Retirement: Taking Pride in Your Life

Jul 6th, 2010 | By | Category: Senior Moments Blog

There comes a time when it is okay to bask in the pleasure of your existence.  Along the way all of us have made our share of mistakes, misjudgments and lousy choices.  Likely we have flagellated ourselves sufficiently enough over those that we can now let them go.  It is now time, at retirement, to take pride in where you have been, what you have done and all of the consequences of your life that have brought you to where you are.  It is now quite okay to bask in the many good things that your life has experienced and produced.  It is now quite proper for you to enjoy the fruit of your labors.  It is now your turn to sit back in calm reflection and to enjoy the rewards of a life well lived.

Taking pride in your life allows for you to settle some accounts.  Likely there are some things that will need to be reconciled, some forgiveness-es sought, some apologies made.  That’s okay.  That is much like a scar from a fall, trying to cover up doesn’t work, doing the thing that removes the scab and allows the body to heal is.  Taking pride in your life means it is okay to own up to your own flaws and warts and to disregard them as just the process of living, of growing and of setting aside those things that no longer deserve importance.  Particularly, if there are persons in your circle for whom an encounter of positive reinforcement would be good should steps be taken .    Life, once past, does not give us the privilege of do overs.  But we can proclaim our grief at having wasted worthwhile emotions on those things that don’t produce pride.  Petty disagreements that festered too long, should now have opportunity to be healed.  Hurt feelings, one of the most overworked excuses for bad behavior, can now be buried.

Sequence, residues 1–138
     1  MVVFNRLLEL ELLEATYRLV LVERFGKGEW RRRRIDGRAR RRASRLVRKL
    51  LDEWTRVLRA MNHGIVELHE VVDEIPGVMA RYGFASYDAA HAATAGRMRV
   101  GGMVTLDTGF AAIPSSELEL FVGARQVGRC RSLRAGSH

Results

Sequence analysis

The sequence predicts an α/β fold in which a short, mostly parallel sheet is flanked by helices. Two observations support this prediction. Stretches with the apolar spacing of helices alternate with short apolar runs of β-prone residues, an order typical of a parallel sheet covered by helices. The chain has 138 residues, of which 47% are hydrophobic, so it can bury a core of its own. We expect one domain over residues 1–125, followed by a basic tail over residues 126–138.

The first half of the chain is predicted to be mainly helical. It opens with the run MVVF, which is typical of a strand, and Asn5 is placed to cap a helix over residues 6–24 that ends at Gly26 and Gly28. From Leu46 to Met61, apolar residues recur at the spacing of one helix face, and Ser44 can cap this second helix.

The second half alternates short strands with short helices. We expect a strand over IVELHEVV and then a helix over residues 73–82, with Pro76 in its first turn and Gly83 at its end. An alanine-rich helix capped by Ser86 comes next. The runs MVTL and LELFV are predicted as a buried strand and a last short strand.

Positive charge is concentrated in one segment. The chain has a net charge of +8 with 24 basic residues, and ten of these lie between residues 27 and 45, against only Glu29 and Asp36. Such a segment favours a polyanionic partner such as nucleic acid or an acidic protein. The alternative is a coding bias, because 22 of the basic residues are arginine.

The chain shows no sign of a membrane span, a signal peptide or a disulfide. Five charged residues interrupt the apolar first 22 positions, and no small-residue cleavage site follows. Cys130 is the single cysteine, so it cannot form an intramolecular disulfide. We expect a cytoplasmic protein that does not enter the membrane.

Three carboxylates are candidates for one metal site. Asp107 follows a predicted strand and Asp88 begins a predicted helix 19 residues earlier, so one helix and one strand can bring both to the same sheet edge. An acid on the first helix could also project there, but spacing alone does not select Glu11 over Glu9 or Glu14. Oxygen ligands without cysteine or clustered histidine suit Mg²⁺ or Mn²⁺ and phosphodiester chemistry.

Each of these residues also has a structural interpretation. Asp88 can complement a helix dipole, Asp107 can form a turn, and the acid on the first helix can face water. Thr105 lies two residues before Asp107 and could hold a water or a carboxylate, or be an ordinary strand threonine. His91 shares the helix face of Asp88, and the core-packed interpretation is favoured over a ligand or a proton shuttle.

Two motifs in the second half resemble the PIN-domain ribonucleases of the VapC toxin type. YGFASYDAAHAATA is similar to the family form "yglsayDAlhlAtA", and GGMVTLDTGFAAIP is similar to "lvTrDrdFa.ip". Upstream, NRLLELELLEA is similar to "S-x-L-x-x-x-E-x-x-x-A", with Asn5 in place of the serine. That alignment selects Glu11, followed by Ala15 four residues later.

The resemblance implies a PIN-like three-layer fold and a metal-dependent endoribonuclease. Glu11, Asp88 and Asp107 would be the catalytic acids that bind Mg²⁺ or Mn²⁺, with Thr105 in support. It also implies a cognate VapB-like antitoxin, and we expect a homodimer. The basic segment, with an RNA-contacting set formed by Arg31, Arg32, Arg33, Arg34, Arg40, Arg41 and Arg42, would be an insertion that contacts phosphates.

“Pride goeth before the fall,” so the scriptures remind us. Unbridled pride and arrogant egotism are failures of the human spirit.  Taking pride in how well you feel you did rearing your children, making a living, caring for your family, being a genuinely “good person,”  whose ethics show, that is pride worthy of acknowledgement.  Taking pride in the evil that you have done or participated in is not the kind of pride of which we speak.  A  person whose life is a contradiction of a mean spirit over caring compassion cannot claim that as a source of pride.  Pride is best evidenced in humility, in unspoken satisfaction, in quiet dignity and respect.  Therein is the pride of which we speak.



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